A Statistical Analysis of Snow Depth Variability in Norway and Evaluation of Norwegian Snow Maps

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Title: A Statistical Analysis of Snow Depth Variability in Norway and Evaluation of Norwegian Snow Maps
Author: Dyrrdal, Anita Verpe
Advisors: Gary M. Lackmann, Committee Member
John F. Monahan, Committee Member
Frederick H.M. Semazzi, Committee Chair
Abstract: This study examines snow depth variability in Norway applying a number of statistical tools. A time series analysis of snow depth and length of snow season is carried out at eleven meteorological stations situated in three different parts of the country, named Region 1, Region 2, and Region 3. In addition, empirical orthogonal function (EOF) analysis and simple correlation analysis is performed in order to determine the spatial patterns and dominant modes of snow depth variability in Norway. The snow map service introduced by the Norwegian Meteorological Institute and Norwegian Water Resources and Energy Directorate in 2004 is evaluated at the same stations mentioned above. The focus is on the start and end of the snow season and the total number of snow days per hydrological year (Sep 1st – Aug 31st). A decreasing trend in snow depth is evident at nine of eleven stations. Stations in Region 1 and Region 2 reveal a later start of snow season, while stations in Region 3 reveal a slightly earlier start of snow season. An earlier end of snow season and a decrease in number of snow days is seen at all eleven stations. Region 3 shows the strongest decrease in the number of snow days and daily snow depth, probably due to low elevation and proximity to the coast, leaving this region more sensitive to global warming. Two leading eigenmodes (EOF1 and EOF2) accounting for 41.4% and 18.6% of the variability in snow depth, respectively, are identified and attempted defined. Existing Northern Hemisphere teleconnection indices are mainly established to explain variability in temperature and precipitation. Snow accumulation is dependent on both previous mentioned variables, and so the EOFs cannot be defined by one single teleconnection index. EOF1 appears to be related to East Atlantic/Western Russia (EA/WR) pattern, Arctic Oscillation (AO) and possibly to enhanced sea breeze, where the prevailing flow perpendicular to the southern coast of Norway helps push precipitation inland. The time series reveal a decadal variability which might be attributable to the Gulf Stream or to other unknown internal oceanic processes. EOF2 has an inter-annual variability and an obvious increasing trend. This leads us to believe that it is connected to climate change, and previous studies have shown that the North Atlantic Oscillation (NAO) exhibits the same increasing trend. The correlation analysis, however, shows strong correlations to the East Atlantic pattern (EA) and the Scandinavia pattern (SCAND). In evaluating the snow maps, simulations by a precipitation / degree-day snow model were compared to observations. The approach of calculating snow depth used in the model tends to compact the snow too much, resulting in underestimation of snow depth at most stations. In Region 1 the snow model simulates a shorter snow season than what is observed. In Region 2 the results are ambiguous and correlations between simulations and observations are low. In Region 3, on the other hand, the model performs really well, and there are no significant differences between simulated and observed snow season.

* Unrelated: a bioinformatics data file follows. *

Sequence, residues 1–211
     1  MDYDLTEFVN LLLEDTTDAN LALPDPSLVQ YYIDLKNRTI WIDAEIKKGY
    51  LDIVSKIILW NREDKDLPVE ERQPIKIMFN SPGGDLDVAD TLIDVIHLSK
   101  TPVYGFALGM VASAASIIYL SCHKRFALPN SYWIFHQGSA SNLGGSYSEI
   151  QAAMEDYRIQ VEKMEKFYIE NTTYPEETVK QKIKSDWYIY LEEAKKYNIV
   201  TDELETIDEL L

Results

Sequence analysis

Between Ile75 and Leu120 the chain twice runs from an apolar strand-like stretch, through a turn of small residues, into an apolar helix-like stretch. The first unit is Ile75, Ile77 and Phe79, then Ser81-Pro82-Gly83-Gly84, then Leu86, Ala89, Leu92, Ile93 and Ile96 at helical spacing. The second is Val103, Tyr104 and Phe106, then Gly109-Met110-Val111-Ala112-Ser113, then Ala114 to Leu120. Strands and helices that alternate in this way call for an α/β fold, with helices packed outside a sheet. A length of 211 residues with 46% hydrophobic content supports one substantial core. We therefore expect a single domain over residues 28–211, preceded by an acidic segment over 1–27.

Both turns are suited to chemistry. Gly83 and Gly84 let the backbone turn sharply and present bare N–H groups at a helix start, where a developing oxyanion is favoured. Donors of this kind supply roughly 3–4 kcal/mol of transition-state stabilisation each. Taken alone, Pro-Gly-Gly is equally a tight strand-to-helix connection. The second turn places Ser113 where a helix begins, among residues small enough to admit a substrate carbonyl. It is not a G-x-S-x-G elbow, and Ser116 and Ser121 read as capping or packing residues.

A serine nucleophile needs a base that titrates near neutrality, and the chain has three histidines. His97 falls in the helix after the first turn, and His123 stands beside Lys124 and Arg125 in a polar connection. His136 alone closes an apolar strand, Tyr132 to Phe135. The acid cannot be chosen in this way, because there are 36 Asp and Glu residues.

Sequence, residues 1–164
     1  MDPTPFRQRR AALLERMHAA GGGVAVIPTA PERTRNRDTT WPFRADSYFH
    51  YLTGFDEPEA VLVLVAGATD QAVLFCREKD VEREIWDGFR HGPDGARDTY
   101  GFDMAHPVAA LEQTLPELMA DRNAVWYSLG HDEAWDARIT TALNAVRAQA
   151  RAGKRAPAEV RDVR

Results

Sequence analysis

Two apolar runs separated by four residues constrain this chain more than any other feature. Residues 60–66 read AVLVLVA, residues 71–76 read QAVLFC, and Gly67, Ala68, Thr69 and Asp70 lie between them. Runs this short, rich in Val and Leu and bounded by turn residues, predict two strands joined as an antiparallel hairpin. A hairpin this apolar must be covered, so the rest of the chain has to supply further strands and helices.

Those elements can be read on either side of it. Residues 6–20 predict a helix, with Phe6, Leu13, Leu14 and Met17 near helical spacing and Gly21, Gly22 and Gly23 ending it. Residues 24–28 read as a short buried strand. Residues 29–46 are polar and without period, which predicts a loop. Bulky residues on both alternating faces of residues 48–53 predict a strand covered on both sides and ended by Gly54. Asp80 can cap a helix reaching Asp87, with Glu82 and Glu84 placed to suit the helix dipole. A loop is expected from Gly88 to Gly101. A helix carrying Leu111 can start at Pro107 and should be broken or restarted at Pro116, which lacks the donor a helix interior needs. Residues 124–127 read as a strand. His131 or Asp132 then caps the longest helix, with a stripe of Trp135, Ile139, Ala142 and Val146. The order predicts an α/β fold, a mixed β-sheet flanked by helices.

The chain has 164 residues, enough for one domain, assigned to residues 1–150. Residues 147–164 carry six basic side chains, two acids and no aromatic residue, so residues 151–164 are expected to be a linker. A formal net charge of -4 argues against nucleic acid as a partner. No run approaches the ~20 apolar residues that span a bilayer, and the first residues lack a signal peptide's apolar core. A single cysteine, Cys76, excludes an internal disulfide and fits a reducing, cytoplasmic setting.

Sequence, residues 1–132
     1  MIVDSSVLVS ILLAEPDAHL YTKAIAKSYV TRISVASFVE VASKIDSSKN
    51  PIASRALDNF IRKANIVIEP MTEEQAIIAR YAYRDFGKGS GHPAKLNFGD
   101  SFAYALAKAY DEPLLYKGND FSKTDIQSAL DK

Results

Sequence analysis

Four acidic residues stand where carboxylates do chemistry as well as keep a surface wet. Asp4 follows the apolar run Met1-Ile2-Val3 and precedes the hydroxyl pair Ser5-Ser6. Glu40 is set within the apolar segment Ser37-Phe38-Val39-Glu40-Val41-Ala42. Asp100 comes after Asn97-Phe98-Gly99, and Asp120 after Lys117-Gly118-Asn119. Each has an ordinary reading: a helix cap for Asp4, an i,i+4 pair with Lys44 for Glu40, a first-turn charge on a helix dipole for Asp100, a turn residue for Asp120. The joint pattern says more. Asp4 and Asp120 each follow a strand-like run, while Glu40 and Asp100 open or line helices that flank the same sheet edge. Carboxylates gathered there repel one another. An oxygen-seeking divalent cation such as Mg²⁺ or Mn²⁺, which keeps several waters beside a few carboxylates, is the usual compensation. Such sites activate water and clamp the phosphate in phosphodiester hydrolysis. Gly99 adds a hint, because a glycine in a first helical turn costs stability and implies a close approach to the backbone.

Date: 2009-03-04
Degree: MS
Discipline: Marine, Earth and Atmospheric Sciences
URI: http://www.lib.ncsu.edu/resolver/1840.16/2527


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